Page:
No area of lending was completely untouched by the effects of COVID-19, whether the result was a substantial decrease in volume or a substantial increase. On the commercial side, several factors impacted Australian businesses.
The lockdowns meant that retailers across the country had to close doors; and continued social distancing restrictions required caps on the number of people on a business premises when they reopened. Spending dropped, but only briefly. ABS figures show that retail spending soared in March due to panic-buying, plummeted in April as many shops closed their doors and people stayed inside, and then sales bounced back up to above pre COVID levels in May, where they have remained ever since.
This does not reflect the entire picture, however. Figures from ACA Research’s Business Sentiment Tracker show that 54% of SMEs reported lower revenue due to COVID-19 in March 2021. That figure has remained above 50% since its first report in April last year.
The effect on business was different depending on the sector. While some traded incredibly well, like those in the industrial sectors, others struggled, like hospitality and tourism.
White-collar businesses were also affected by the fact that many employees were sent to work from home. This had a huge impact on the commercial real estate sector.
By March 2021 Sydney’s CBD was only 50% occupied, according to the Property Council of Australia. Melbourne’s occupancy rates were much lower, due to its extended lockdowns, with only 35% of CBD office space occupied.
While this means office vacancies are on the rise, brokers and lenders have also reported that many businesses that previously rented space are now able to buy commercial property, thanks to low interest rates.
The figures for this year’s top commercial brokers reflect the market in 2020. The types of loans written by MPA’s Top 10 demonstrate the different needs of businesses in 2020, compared to 2019.
Almost 35% of loans written by the Top 10 in 2020 were for commercial property. This is almost a 10% increase on loans written for this purpose in 2019. The share of loans for development finance has also increased, from 33% to 41%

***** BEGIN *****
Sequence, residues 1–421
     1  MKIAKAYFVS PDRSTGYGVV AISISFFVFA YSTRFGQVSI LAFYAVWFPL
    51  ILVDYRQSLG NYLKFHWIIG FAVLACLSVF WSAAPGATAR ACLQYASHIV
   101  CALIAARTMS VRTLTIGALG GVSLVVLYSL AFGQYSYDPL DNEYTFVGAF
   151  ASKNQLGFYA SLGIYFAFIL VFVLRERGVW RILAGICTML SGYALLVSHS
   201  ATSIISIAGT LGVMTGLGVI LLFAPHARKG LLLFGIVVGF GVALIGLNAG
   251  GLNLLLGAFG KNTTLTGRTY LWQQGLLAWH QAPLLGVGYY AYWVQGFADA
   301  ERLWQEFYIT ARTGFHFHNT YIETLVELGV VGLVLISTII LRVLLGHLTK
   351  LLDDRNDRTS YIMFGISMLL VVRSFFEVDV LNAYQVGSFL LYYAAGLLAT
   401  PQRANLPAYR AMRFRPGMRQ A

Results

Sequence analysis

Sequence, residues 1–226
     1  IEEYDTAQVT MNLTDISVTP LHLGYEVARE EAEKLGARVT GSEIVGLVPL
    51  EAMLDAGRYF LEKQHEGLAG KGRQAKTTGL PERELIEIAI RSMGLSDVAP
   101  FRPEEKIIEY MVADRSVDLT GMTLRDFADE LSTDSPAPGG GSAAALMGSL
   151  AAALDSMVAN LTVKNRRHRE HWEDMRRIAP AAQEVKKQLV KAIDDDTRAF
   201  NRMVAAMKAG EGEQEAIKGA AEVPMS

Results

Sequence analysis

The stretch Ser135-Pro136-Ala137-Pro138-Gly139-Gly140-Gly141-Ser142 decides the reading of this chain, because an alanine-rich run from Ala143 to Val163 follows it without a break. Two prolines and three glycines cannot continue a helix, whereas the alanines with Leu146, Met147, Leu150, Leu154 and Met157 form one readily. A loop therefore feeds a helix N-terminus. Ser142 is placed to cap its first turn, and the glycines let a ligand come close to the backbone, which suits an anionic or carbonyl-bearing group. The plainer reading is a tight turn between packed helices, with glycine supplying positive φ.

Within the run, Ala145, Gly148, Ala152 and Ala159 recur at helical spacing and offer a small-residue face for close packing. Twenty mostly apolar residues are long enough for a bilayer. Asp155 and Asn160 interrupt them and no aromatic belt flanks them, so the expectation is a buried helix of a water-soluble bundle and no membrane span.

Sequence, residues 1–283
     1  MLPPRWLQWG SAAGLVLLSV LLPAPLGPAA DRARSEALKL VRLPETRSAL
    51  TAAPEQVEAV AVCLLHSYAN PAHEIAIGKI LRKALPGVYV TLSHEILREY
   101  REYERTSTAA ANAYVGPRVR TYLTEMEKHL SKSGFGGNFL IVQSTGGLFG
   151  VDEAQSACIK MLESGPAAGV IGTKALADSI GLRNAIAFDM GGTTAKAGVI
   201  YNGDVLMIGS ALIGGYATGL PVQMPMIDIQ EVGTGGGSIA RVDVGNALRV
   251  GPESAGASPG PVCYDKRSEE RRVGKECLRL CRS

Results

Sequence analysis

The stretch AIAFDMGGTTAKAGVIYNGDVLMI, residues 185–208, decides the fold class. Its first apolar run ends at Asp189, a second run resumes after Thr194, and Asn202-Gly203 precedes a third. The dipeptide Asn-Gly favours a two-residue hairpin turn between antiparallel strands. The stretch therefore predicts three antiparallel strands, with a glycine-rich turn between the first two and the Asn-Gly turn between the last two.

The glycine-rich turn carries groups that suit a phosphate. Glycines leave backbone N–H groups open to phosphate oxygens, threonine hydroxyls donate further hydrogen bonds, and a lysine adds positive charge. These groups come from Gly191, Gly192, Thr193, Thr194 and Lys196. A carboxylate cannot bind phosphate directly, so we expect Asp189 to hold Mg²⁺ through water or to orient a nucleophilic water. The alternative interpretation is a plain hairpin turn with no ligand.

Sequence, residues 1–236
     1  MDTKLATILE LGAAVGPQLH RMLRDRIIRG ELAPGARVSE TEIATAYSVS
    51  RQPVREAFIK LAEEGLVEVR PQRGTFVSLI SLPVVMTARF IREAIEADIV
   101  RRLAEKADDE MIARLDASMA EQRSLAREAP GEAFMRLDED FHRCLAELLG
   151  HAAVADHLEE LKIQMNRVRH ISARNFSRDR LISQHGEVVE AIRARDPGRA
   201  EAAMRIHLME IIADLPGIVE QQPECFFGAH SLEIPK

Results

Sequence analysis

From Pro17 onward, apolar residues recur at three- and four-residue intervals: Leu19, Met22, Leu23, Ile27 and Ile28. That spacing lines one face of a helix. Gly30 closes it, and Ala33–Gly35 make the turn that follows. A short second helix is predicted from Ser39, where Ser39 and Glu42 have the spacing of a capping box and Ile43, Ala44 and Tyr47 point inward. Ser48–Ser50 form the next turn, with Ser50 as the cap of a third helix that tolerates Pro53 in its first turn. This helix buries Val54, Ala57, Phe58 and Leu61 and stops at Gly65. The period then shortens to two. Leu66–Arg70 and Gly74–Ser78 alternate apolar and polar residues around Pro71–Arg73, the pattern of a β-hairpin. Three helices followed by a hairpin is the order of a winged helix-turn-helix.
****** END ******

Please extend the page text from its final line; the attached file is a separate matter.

With the rise in these areas comes a substantial drop in the share of SME loans. Twenty-one per cent of the loans written in 2019 by last year’s top commercial brokers were for SME lending, but this year SME loans make up just under 3% of loans written.
These figures are not entirely unusual, however. They reflect much more closely the share of loans written in 2018, when SME finance made up almost 4% of loans, commercial real estate made up just over 35%, and development finance 43%.
This is the biggest year for the ‘Other’ category. One hundred per cent of one of the Top 10’s loans were for goodwill finance. This type of finance is used by businesses such as pharmacies and medical and dental practices, where the lender is able to lend based on a business’s goodwill and equipment rather than having to use their home as security.
Diversifying during COVID-19
Mortgage brokers have been busier than anyone expected during COVID-19, with high refinancing numbers, an influx of first home buyers, and customers needing help with deferred repayments or any other assistance in dealing with the economic impact of the pandemic. Despite that, the number of mort-gage brokers also writing commercial loans has increased.
The 11th edition of the MFAA Industry Intelligence Service report shows that year-on-year for the six months to September 2020 there was an increase of almost 24% writing commercial.
There has been a continual rise in mortgage brokers expanding into commercial loans since the MFAA began reporting these figures. In the April to September 2015 period, there were just over 1,600 diversified mortgage brokers, but the figure now stands at 4,539.